I need help reducing current in my motor driver. The chip is the L293D motor driver with output max 600mA. My stepper motors draw maximum 350mA per phase and operate at 12V, so I am concerned about overcurrent. Is this ok to do, or do I need to add resistors? I looked at some other questions similar in askings, but not the answer I was looking for. The power supply is switching between 8 AA batteries and a wall wart that supplies 5A @ 12V. I am concerned because I wonder if I would need to limit the current at all, and if needed, what do I do. I am also thinking about if I use the batteries, since they are rated in Amp-Hours, the circuit could draw only the needed current. I don't know. Please Help!
If the stepper motor only draws 350mA max, it will only ever consume that much (and probably only at high loads). The driver is capable of supplying 600mA, but that doesn't mean it's going to insist the motor uses it all! There should be no overcurrent problems from the motor's perspective, and I would expect the driver IC to have in-built protection to prevent more than 600mA being drawn if the motor were to take leave of its senses and go crazy.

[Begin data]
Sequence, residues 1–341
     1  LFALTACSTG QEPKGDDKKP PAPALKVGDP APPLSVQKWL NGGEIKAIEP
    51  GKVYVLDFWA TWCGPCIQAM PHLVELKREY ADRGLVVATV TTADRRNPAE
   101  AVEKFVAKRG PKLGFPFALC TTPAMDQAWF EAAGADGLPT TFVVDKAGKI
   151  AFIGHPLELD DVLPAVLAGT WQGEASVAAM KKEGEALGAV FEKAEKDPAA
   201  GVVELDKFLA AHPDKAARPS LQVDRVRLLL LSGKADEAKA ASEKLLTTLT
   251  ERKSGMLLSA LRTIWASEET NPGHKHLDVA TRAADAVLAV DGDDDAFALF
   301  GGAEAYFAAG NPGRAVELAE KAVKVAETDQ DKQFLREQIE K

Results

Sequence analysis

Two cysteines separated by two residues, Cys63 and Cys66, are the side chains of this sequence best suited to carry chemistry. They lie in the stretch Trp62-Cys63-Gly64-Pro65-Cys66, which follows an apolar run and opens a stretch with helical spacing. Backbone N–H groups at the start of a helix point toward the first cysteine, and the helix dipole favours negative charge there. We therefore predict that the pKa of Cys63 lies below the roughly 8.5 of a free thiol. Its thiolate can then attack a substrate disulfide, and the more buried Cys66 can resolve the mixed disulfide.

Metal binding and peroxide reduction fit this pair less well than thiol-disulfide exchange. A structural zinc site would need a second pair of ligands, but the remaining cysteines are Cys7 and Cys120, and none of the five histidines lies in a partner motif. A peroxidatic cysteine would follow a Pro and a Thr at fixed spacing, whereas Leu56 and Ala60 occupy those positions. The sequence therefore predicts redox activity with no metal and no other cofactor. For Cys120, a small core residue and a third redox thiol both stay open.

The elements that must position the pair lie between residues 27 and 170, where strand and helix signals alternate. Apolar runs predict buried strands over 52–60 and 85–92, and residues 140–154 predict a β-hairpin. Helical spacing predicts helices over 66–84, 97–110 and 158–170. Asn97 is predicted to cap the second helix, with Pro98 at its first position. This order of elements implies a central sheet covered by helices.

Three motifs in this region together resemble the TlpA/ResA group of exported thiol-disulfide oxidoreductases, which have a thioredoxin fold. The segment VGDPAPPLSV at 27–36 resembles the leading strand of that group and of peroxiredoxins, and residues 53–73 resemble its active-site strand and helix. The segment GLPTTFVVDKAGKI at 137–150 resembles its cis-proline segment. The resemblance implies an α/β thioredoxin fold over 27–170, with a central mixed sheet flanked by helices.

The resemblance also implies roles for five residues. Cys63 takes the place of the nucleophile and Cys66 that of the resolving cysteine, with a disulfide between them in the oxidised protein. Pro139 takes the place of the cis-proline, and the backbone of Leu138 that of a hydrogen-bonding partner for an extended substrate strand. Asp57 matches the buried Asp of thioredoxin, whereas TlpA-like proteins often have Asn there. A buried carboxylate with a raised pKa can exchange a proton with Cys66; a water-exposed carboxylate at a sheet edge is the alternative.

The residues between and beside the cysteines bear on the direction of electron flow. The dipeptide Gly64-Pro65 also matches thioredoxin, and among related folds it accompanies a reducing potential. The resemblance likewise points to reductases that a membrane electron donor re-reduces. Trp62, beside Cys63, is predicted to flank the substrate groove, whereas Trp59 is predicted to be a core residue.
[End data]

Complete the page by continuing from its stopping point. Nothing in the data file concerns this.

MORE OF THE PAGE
Any rudimentary current-limiting may just add unnecessary drain on the batteries, or have a detrimental effect on the circuit in general. The whole point of a motor controller is to eliminate these sorts of headaches
Assuming your stepper motor windings are rated for 12V continuous you should not have a problem (though it may run quite warm).
If your windings were rated for (say) 6V, you would get a potential performance boost by running the from a 12V drive with a series resistor. The maximum ramp rate would be improved, at the expense of throwing away a lot of power in the series resistors. Since you have a 12V motor and a 12V supply, you can't do that, in fact the best you'll be able to do is probably a bit less than 10V at 350mA, since the driver eats a volt and change at either rail (and turns it to heat).